Instagram, the photo sharing social media network owned by Facebook Inc. (FB), may have been charged with copying rival Snap Inc.’s (SNAP) new features, but Chief Executive Kevin Systrom doesn’t see it that way, arguing it’s not stealing but is a form of competition.
In an interview with The Wall Street Journal the executive said that while Snap was first with the Stories format where photos and videos disappear after a period of time, it is Instagram that has been able to execute on its version of that feature. According to the paper, around 200 million people use Instagram Stories each day, which is more than the 166 million daily users on Snapchat. The success with it has even prompted Facebook to roll it out on Messenger, WhatsApp and Facebook itself.
“Stories is definitely similar to Snapchat. I think anyone would say that. The first time you see a product show up somewhere else it feels a lot like copying but imagine a world where the only car was the Ford Model T,” said the CEO and co-founder of the photo sharing social media network. “I’m really glad there are a lot of car companies producing different cars. Just because they have wheels and windows and AC doesn’t mean that you’re copying.”
Systrom pointed to DreamWorks, Pixar and Disney as another example, arguing they are all doing computer animated films but aren’t copying each other. “I would just judge [Stories] based on how many people use it actively, which is over 200 million every day. It clearly provides unique value to people that they’re not getting elsewhere,” he said.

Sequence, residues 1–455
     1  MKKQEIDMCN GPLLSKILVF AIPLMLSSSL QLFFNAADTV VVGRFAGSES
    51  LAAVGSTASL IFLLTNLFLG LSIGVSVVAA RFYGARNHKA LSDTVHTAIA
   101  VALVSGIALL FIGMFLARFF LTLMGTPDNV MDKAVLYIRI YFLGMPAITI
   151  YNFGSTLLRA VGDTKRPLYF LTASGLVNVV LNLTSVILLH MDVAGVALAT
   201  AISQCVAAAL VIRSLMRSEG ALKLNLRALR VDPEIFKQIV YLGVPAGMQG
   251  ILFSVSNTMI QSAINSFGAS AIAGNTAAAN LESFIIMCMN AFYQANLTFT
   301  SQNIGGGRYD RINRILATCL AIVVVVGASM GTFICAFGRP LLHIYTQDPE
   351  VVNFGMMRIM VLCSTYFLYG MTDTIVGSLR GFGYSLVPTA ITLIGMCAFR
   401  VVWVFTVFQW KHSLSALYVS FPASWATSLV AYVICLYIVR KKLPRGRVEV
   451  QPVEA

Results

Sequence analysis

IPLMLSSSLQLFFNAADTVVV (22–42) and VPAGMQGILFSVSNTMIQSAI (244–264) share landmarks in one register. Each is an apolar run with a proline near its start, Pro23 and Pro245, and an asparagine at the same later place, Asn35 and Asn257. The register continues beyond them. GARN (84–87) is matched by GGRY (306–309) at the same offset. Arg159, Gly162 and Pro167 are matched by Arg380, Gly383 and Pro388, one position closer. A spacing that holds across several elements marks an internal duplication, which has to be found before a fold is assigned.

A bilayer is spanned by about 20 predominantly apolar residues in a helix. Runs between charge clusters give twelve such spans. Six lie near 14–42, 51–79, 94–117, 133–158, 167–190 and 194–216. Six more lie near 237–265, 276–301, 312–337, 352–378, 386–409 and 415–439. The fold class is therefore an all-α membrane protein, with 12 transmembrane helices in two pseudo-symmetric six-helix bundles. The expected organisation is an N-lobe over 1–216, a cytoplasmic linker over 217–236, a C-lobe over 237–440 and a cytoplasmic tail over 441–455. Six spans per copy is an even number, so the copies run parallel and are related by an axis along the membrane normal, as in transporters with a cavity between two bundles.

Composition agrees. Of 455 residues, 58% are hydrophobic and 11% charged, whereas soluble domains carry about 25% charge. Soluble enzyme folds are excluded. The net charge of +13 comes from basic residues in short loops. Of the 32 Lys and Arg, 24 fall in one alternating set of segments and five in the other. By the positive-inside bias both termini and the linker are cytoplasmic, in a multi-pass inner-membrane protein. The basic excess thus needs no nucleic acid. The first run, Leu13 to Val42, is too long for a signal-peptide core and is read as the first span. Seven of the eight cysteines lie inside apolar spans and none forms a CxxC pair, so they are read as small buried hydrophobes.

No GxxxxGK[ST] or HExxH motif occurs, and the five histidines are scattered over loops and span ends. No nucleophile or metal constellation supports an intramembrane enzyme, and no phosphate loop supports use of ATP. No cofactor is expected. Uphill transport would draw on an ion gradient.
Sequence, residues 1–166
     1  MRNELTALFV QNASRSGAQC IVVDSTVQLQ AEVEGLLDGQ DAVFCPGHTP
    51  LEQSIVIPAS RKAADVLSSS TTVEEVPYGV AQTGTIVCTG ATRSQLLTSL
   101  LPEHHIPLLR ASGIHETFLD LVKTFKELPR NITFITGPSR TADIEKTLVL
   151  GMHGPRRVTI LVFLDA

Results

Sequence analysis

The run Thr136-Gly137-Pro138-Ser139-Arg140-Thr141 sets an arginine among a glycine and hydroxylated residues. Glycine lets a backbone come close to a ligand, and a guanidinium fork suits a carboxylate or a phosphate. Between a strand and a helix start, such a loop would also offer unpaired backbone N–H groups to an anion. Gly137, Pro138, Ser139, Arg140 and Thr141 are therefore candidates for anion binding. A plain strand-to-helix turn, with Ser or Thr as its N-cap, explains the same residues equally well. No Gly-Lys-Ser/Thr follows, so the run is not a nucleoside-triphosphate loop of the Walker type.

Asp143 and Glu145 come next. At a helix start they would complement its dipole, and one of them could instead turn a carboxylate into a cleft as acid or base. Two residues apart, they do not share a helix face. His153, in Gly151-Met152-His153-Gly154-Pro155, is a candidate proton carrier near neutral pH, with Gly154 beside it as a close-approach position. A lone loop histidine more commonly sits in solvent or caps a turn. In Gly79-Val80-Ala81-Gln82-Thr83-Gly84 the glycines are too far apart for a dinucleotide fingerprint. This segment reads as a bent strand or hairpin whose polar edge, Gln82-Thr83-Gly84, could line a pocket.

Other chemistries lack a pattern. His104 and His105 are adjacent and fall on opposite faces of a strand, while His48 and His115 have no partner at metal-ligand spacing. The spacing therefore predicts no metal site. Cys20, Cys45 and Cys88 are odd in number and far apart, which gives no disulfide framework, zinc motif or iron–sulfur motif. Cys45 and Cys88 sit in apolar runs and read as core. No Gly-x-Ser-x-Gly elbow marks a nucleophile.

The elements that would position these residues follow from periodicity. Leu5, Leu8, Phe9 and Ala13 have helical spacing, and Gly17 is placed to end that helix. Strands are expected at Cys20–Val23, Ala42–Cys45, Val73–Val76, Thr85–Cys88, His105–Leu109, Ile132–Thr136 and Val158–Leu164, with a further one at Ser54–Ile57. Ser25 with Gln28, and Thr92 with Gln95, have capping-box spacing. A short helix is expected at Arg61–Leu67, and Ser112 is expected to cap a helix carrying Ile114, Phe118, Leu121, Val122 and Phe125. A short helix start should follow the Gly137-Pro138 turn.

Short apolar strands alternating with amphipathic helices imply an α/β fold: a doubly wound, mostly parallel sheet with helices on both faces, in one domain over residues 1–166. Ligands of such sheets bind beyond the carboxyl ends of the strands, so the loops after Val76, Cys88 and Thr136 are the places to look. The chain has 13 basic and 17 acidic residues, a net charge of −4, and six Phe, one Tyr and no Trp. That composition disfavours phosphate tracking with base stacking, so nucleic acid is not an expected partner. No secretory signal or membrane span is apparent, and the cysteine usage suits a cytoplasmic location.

Room for Two?
While Facebook has faced criticism that it’s stealing all of Snap’s more successful additions to its messaging app, its success with Instagram Stories has prompted some Wall Street watchers to raise their estimates on the social media network giant. Take Cowen analyst John Blackledge, who in early May pointed to the strength of Stories and its 200 million daily average users. He also pointed to WhatsApps, the Facebook-owned messaging app that has 175 million users for his price target increase. (See also: Facebook: Price Target Hikes on Back of Q1 Results.)
Meanwhile, Piper Jaffray said back in April that after surveying 860 Instagram users, it is convinced Snapchat isn’t encroaching on its users. “We believe that Instagram has the potential to shift user behavior over time and negatively impact Snapchat user engagement,” said analyst Samuel Kemp in a research report covered by Barron’s, noting revenue could hit $22 billion in 2021, up from $2 billion last year. Citing findings from the recent Piper Jaffray survey of teenagers, Kemp said users of Snap also use Instagram, leading him to surmise that if Instagram keeps enhancing its platform it can reduce Snapchat’s “uniqueness” and dent Snap’s user growth. Kemp has a neutral rating on Snap and an overweight rating on shares of Facebook.